• AoR made a point of praising CJ’s preaching but failed to make the point that he needs to take corporate responsibility for its failures.   They observe with some puzzlement that CJ’s preaching is gospel centric but this “gospel-centeredness” does not accord with our practice.   Actually it’s not so mysterious. Have you ever been in a company or group where the professed values do not match up with the practice?   I have and it’s not altogether unusual.  But in those cases, you can almost always trace the culture back to the head honcho.  He’s responsible and if he’s a great leader – he’ll own it – good, bad, ugly and seek to change.   AoR should be aware that CJ’s current preaching content is a small slice of his pastoral influence over the churches in the past several years.  The culture, not the preaching is the full measure of his body of work and he should take ownership for it.
  • I want to say this humbly but I do believe that AoR missed it on specific advice regarding the nature of sinful communication and appropriate mediums of communication.   I understand that if you live in the realm of conflict resolution, you are particularly concerned about sinful communication but is the admonishment to not conduct public “family meetings” really on target?    Seriously, just because you witnessed a couple of those meetings get out of hand, should we not have public meetings?   Let’s be clear – there is no biblical warrant for that.   I’ve seen people sin in prayer meetings, should we abandon prayer meetings altogether?   As a matter of interest, my SGM church has conducted a number of very good and helpful public meetings where members asked hard questions, challenged decisions but all in all, did so in a brotherly Christian spirit.   Both members and pastors were helped by those meetings, including the difficult and challenging questions.  Perhaps this is where the lens of conflict resolution can be a little narrow in focus.  The goal of these meetings isn’t to avoid sinful speech.   The goal is actually to have a family meeting in the true sense of the phrase whereby fellow members can express their sentiments openly, safely and in a God glorifying manner.   If, on occasion, a few members get frustrated and angry, that’s ok – we can encourage repentance, we can extend forgiveness and in so doing exemplify the gospel in church life together.  I’ve seen it happen at our church.   Look – I have no time or space to get into the topic of slander/gossip here but there are lots of reasons to disagree and even criticize at times – not all of them sinful.   When someone questions another persons qualifications or critiques the body of his work, it isn’t necessarily sinful speech.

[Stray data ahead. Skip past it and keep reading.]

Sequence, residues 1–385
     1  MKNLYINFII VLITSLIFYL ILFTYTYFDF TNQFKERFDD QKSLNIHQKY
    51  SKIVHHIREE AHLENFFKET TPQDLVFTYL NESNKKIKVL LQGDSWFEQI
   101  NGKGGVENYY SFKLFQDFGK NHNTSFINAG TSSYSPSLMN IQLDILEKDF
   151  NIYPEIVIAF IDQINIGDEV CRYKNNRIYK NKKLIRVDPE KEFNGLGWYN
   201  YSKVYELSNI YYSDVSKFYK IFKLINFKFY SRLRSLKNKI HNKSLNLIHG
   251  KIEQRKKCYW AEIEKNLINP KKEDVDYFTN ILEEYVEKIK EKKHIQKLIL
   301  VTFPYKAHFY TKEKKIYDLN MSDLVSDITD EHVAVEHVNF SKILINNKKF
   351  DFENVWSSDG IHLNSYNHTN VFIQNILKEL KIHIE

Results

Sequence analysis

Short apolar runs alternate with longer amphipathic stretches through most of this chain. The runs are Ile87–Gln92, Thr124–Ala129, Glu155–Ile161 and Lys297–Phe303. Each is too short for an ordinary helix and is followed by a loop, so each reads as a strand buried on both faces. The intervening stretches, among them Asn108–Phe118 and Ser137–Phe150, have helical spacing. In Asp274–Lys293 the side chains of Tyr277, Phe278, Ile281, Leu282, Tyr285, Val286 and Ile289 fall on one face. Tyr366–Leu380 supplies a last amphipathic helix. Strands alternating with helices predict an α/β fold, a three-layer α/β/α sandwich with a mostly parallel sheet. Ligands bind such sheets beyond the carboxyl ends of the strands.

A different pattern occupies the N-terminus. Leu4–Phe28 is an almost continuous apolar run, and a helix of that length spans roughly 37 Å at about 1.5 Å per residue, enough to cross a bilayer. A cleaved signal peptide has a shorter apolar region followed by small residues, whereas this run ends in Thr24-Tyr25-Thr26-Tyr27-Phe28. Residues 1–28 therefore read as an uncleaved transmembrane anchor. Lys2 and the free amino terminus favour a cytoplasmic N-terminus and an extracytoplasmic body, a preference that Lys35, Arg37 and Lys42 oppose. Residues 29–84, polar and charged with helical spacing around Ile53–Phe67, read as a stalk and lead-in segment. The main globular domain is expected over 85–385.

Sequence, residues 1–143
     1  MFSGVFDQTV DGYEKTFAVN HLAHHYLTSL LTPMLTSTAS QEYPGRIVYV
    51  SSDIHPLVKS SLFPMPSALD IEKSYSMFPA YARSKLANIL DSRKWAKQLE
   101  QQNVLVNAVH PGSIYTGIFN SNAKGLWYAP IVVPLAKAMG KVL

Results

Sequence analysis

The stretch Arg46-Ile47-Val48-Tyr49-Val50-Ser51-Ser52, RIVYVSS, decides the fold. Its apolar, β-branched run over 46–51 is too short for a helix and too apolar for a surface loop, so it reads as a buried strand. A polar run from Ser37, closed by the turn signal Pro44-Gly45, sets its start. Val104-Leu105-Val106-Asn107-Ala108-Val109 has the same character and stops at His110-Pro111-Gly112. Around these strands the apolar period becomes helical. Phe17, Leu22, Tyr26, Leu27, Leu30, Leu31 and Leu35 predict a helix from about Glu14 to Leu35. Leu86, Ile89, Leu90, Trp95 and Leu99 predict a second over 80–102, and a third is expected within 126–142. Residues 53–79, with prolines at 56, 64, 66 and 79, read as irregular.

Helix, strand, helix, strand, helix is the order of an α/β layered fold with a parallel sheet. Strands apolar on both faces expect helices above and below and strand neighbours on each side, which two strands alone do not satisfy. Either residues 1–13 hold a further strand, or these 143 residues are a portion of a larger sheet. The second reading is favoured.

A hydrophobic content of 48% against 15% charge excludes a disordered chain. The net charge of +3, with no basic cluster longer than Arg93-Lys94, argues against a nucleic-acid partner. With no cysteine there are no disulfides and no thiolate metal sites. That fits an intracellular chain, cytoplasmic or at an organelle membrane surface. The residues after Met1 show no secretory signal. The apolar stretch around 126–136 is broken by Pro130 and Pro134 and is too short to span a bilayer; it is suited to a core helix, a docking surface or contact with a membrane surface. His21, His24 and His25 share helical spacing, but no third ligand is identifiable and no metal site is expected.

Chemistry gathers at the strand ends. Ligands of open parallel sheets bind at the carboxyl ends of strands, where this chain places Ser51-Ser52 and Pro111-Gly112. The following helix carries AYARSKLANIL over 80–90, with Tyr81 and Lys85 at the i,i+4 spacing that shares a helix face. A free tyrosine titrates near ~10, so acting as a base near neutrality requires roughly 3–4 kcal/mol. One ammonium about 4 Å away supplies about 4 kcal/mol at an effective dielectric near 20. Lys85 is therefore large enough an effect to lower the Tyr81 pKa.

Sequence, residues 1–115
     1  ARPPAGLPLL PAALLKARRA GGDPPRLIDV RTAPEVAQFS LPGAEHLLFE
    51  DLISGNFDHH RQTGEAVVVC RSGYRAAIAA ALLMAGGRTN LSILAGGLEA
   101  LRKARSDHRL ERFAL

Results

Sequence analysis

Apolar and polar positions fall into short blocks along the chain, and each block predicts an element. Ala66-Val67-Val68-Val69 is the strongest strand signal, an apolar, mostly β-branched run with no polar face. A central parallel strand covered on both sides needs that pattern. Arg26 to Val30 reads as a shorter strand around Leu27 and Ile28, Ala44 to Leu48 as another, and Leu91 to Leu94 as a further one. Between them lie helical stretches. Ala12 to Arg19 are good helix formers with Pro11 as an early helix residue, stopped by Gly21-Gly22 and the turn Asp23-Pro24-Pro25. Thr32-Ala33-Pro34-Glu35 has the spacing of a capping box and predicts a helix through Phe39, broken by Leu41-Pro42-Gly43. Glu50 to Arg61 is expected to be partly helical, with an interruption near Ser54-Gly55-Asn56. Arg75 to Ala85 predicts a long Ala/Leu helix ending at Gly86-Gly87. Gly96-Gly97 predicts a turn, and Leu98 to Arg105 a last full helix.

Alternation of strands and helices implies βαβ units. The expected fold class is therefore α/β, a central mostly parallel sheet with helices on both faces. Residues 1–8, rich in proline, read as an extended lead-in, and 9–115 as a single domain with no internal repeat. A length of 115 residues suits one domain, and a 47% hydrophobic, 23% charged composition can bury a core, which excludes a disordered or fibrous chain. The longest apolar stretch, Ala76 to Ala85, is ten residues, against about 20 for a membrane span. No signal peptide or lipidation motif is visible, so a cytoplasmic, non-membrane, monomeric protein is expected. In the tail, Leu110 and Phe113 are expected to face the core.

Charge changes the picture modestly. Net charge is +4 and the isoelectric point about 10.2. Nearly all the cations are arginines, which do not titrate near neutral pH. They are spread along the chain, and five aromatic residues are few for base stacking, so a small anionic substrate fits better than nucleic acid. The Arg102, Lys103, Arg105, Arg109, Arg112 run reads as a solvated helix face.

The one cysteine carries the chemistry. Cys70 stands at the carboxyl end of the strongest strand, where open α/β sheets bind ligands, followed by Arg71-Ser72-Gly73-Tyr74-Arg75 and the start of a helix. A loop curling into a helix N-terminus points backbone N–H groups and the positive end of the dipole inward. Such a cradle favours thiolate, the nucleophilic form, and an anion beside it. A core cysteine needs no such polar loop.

Friends, do lay hold of AoR’s good advice to examine our hearts for uncharitable judgements and bitterness.  Extend forgiveness when warranted.  But also bear in mind that this isn’t primarily about personal reconciliation.  For many current members of SGM churches, it’s about reform and we’re not ready to stop calling for it.   We may have to at some point, but we’re not there yet and we’re hoping that SGM board will have the good sense to listen.